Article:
For four decades the bulls had not run through the tiny streets of St. Maximin and this Saturday that was about to change.
For four decades the bulls had not run through the tiny streets of St. Maximin and this Saturday that was about to change. Ann Rickard

Fete de Votive in France


IT had been 40 years since the village of St. Maximin in the South of France had staged such an event.

The atmosphere in the village was almost feverish. Barriers were erected around the winding streets, the local cafe had put on a special table d’hote menu, men were making extra trips to the wine cave for additional supplies of the pink wine so favoured in this region, teenagers who normally disdain village life were out on the streets, and elderly residents were being assisted outside their doors and fussed over with offers of deck chairs and water.

For weeks the Fete de Votive had been announced by banners strung across the narrow village roads. A full weekend program printed on lurid yellow paper had been posted in the cafe window: a Friday night DJ party in the park, a Sunday picnic, and the main event - the one that had caused the villages their near-frenzy - the Saturday running of the bulls.

For four decades the bulls had not run through the tiny streets of St. Maximin and this Saturday that was about to change.

“Why has it been so long between fetes?’’ we asked the mayor, sitting importantly on his quad bike about to take off to inspect the barriers lining the roads.

“Because someone usually dies,’’ he replied casually and rode off.

“It can be dangerous,’’ his deputy soothed when he saw our terror. “If one of the bulls escapes and rushes into the crowd...mon could be unpleasant.”

On that note, we took a big step back and waited with the villagers, pulling our jackets tight and stamping our feet again the chill.

Unfortunately, that morning le mistral had arrived, the vexing wind that blows through Provence in winter, but always seems to time its arrival with my own in the spring. Le mistral causes trees to shake, windows to rattle and heavy sun umbrellas to take to the air like party balloons.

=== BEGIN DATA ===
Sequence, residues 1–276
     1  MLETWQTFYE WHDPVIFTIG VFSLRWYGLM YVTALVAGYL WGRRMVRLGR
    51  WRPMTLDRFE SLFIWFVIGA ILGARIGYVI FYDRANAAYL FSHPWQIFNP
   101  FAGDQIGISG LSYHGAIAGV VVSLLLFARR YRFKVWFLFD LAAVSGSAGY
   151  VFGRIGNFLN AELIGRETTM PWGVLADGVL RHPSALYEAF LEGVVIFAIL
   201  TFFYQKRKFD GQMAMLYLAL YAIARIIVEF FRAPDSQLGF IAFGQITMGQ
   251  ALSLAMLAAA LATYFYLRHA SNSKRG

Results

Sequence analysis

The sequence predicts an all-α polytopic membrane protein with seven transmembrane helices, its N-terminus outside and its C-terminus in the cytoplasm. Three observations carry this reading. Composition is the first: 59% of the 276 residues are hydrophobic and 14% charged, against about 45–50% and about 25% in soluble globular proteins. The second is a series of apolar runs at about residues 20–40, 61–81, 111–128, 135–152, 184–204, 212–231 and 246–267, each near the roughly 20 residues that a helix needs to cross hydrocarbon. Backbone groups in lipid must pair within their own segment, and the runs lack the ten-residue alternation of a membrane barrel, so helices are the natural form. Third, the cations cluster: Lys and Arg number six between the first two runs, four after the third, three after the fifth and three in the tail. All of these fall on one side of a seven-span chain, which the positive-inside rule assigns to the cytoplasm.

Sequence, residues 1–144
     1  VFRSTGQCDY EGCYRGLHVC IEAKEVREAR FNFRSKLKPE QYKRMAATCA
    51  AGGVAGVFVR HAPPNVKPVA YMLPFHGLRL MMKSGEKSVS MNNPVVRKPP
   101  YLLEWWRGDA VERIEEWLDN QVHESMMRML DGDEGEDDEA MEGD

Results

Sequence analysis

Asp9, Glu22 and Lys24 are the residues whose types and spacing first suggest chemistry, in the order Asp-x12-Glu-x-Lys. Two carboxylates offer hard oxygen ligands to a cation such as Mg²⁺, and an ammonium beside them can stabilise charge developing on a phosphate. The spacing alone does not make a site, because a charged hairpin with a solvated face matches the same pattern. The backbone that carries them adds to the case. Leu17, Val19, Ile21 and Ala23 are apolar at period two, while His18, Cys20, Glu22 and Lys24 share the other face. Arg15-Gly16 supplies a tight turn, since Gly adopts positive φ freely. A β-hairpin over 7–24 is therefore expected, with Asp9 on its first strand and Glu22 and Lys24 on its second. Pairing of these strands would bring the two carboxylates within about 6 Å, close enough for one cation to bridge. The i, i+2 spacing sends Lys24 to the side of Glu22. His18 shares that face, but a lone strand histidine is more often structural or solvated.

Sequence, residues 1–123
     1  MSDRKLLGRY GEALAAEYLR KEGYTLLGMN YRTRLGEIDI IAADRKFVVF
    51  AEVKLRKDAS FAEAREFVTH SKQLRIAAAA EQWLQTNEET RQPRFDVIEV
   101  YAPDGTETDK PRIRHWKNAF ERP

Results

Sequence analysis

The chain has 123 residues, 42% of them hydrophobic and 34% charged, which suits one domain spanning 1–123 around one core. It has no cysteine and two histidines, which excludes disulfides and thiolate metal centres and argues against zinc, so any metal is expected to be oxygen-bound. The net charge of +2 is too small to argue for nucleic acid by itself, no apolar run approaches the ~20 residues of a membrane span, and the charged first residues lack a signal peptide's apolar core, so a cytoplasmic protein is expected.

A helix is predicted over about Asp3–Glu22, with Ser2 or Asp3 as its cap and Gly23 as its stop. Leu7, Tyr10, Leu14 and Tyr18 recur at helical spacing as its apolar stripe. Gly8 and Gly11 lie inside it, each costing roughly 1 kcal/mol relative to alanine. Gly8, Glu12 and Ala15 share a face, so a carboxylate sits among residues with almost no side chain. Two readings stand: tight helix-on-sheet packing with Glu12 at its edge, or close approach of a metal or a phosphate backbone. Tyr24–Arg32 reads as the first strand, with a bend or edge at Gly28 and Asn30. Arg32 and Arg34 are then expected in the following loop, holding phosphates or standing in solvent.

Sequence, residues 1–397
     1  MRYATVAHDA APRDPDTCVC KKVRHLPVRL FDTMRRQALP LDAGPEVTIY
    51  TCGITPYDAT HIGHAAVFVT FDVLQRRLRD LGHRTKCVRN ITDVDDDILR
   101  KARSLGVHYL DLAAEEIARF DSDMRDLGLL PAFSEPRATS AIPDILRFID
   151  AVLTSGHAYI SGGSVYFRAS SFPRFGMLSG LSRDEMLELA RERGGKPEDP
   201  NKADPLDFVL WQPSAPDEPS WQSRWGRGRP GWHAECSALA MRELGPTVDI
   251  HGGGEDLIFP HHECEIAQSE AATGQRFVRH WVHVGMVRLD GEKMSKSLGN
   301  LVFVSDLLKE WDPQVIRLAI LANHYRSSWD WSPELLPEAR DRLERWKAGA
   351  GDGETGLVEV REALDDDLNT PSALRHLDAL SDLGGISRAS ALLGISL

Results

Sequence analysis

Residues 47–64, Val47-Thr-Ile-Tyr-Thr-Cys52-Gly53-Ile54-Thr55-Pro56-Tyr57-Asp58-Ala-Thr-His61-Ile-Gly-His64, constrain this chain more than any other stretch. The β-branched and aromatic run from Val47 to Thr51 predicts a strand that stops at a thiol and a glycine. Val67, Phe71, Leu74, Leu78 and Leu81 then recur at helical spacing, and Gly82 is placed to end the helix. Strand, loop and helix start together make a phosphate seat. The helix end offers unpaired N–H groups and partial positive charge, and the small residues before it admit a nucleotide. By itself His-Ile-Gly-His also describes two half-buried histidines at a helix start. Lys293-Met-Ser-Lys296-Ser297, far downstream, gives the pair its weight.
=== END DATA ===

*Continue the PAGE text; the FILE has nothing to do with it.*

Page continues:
We tried to ignore le mistral and waited for the bulls to run. And waited.

The teenagers became restless and squeezed through the barriers to run across to the barrier-free side of the road, a much better vantage point to first glimpse the bulls rounding the corner.

Soon too, we did the same, watching out for the mayor on his quad bike trying to coral impatient people behind the barriers.

After a very long time, a small herd of imposing horses came thundering around the bend, their hooves thudding heavily on the bitumen, the horsemen intent on steering them. They passed us in a blur of white and grey movement and thundery clopping.

Was that it? Had the villagers waited 40 years to watch a team of horsemen blaze by? Where were the bulls?

“When are the bulls coming?” we asked the teenagers. Even though they weren’t born before the last running of the bulls, teenagers know everything.

“The bulls were inside the herd of horses,’’ they told us. “The horsemen must keep the bulls inside the herd. That is the skill.”

Before we could get over our disappointment – we wanted to see running bulls, not galloping horses - the thundering clop of horse hooves announced another run and we stood on tiptoe to get a glimpse of the bulls inside the horse triangle. As they came close, one of the bulls – small and obviously frightened - escaped and ran straight at us. (The RSPCA would not approve of this event, and really neither did we, even though it appeared the bull was about to get its revenge.)

All I can say is, thank God for le mistral. Because of the cold wind, we had rugged ourselves in extra thick layers and the bull’s horns scraped jackets, just centimetres short of performing hari kiri upon us.

The teenagers were delighted. We headed to the safety of the cafe for pink wine and bouillabaisse, happy to wait another 40 years for the next running of the bulls.

St. Maximin is a hillside village on the border of Provence and Gard situated amongst cherry orchards and vineyards. It is perfectly positioned as a base for visiting all the iconic Provencal towns and villages. Less than an hour away is Roussillion, Les Baux de Provence, Avignon, Arles and Nimes. The medieval town of Uzes and the majestic Pont de Gard are just five minutes away.

We stayed at Ab Fab, a charming refurbished 14th Century property comprising three self-contained apartments and operated by New Zealander Hester Bullen. The rooms have all modern amenities and each has its own terrace. The top apartment has a rooftop balcony overlooking the unmistakable patchwork countryside of Provence. Hester ensures you have everything for a memorable time in Provence and she is happy to introduce you to the locals who in turn are happy to include you in their festivities. Village life in France in summer is magical. Not a week goes by without a festival. A highlight – and a much safer option than the bulls - is the Fete de Musique, held in June each year when hundreds of musicians give free performances in cafes and streets in towns, cities and villages all over France.

And what would a Provence visit be without the food...the wine...the patisseries...the’s just too much.

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